KANSAS CITY, Mo. — Jamaal Charles is a terrific downhill runner. But apparently he isn’t so great as a downhill mover.
The Kansas City Chiefs’ Pro Bowl tailback missed Sunday’s 28-16 preseason loss in Carolina because of a bruised foot. On Monday, coach Andy Reid told reporters how the injury happened — and it was a doozy.
The Texas native was apparently carrying a box out of the dorms at Missouri Western State, site of the Chiefs’ training camp, and down a grassy slope late last week; the Chiefs broke camp in St. Joseph, Mo., last Thursday. According to the Chiefs’ coach, No. 25 then somehow accidentally rolled his foot on the curb.
At that point, you can imagine the panic. But Reid said an MRI didn’t show any serious damage, and that Charles was held out of the Carolina game largely as a precautionary measure.
Reid told reporters it was a "freak accident," but with someone as valuable as Charles — who led all NFL running backs in touchdowns rushing and receiving last fall with 19 — those are the kind of freak accidents that can ruin a season before it even starts.
Without Charles in the fold, the Chiefs failed to score in the red zone — they’re just 1 for 5 in such situations through two weeks of exhibition play — and Charles’ backup, Knile Davis, missed at least one key block that led to a sack of Alex Smith while continuing to be a nonfactor in the screen game, a Charles specialty.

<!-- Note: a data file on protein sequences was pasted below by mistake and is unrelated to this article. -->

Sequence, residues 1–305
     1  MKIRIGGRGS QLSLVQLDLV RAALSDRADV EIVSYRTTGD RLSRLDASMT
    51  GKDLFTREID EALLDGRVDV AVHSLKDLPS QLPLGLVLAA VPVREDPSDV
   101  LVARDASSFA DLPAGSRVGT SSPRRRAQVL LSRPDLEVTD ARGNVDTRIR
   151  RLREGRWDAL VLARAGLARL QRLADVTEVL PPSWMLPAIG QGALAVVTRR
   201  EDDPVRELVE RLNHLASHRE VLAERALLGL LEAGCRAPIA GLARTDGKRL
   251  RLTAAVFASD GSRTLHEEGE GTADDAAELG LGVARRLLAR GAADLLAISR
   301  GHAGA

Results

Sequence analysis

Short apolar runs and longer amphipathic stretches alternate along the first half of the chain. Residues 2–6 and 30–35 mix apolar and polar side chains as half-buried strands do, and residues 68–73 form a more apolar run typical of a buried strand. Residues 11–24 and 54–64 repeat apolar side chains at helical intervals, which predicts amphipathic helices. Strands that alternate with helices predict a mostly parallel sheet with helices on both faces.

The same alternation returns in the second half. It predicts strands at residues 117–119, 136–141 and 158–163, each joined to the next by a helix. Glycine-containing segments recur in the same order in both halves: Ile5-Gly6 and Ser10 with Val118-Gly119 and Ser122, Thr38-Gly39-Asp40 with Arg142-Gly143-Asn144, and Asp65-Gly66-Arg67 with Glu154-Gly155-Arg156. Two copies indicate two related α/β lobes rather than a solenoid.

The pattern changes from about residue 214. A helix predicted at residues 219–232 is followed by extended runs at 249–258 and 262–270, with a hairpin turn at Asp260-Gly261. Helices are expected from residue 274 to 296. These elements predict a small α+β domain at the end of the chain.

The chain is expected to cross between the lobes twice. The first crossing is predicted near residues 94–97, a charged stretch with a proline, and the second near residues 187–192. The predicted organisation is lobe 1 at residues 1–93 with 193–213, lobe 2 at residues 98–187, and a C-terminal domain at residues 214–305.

Reid wouldn’t say when the Texas native would be a full-go at practice again, and Charles may or may not be cleared for the Chiefs’ third preseason game Saturday at home against Minnesota. It’s a roll-your-eyes story to most of the national media, but it’s a cause for absolute panic for fantasy owners and a valuable argument for those Chiefs fans (and media) who are dubious of the team continuing to train at a remote campus site instead of at the team’s practice facility.
In the meantime, somebody in the Chiefs’ front office might want to find a staffer — or, heck, even a rookie — to carry Charles’ stuff to his car from now on, especially along a grassy slope. Just to be on the safe side.